Tom Zumwalt (also known at times as T. C. Stoffel) lives in Lexington, Kentucky, with his wife, and two crazy cats. He loves dragons, dinosaurs, a good glass of Guinness, on tap, comic books, and dislikes buttermilk. Please don’t offer him buttermilk. He has written a lot of stuff over the years, including articles for Kentucky Monthly magazine, and movie reviews for the Georgetown News-Graphic. Recently, he completed his first novel, DragonFox. Tom was born in Evansville, Indiana, or perhaps the planet Gallatin, a small planet near the outer edge of the Milky Way galaxy.

A Tomato Poem

I like tomatoes

Tomatoes are good

Why doesn’t good

Rhyme with food?

My tomato poem notwithstanding, I really do love tomatoes. I’ll get to them in a sec.

 

As I’ve gotten older, I love spending more time outdoors. It’s about stewardship, actually, though I never previously realized it as such. And it’s something I strive for. I learn every day, but I am far from perfect. But it is something I aspire to.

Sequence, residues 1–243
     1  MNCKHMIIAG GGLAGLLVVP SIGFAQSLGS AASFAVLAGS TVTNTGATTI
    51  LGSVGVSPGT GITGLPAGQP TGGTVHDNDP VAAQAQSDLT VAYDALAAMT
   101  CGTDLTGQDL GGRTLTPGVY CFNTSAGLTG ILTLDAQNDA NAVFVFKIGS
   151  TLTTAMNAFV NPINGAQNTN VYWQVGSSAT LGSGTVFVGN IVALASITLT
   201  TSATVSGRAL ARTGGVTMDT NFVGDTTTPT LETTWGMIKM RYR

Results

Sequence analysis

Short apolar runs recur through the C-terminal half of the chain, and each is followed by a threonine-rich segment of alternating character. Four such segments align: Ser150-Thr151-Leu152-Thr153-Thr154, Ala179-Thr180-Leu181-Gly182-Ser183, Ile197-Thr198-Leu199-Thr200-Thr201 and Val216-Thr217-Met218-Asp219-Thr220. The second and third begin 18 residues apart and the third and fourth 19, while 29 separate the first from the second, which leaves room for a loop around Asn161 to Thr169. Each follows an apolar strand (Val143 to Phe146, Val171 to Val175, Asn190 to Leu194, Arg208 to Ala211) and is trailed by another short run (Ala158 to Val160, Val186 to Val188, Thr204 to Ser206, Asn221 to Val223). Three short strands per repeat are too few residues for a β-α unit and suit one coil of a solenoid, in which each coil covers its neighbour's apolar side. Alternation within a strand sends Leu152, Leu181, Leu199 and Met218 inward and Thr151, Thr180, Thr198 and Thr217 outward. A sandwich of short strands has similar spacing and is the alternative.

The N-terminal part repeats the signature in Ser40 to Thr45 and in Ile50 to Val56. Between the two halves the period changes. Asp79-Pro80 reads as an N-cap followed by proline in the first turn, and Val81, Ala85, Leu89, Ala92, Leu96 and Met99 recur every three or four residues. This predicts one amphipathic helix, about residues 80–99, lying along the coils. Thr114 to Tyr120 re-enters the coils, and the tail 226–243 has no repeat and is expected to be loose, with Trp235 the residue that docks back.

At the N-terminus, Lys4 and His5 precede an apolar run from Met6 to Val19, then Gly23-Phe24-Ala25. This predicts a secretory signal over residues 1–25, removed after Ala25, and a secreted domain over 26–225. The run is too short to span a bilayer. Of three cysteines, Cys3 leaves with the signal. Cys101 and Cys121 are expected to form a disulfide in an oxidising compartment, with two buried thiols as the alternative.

In many ways I am becoming my grandfather. I lived with my grandparents for nearly two years when I was a kid after my mom had a stroke. While she recovered, I stayed with Grandma and Grandad, and learned without words the ideas of stewardship. Stewardship of the land, of plants, and animals. It was education by osmosis. By watching Grandma in the kitchen, or when she tended her African Violets, or reuse of everything; by watching Grandad in his garden, growing food we ate organically, long before we called it organic gardening. I remember him taking food scraps they had accumulated in a paper milk carton and burying the homemade compost in the garden to decompose—egg shells, coffee grounds, banana peels.

 

I’m not as frugal or consistent as Grandma and Grandad, but their gentle lessons without words come through. So today, Wendy and I feed our birds, our squirrels, and other neighborhood critters. We grow plants best we can, and one of our favorite plants are tomatoes. We have them interspersed in our front garden, where they share ground, and air, and sun with our flowers. For as anyone who’s ever eaten them knows, you can’t beat home-grown tomatoes. Ate a tomato sandwich for lunch. Use your dressing of choice, but they really don’t need it.

TOM ZUMWALT

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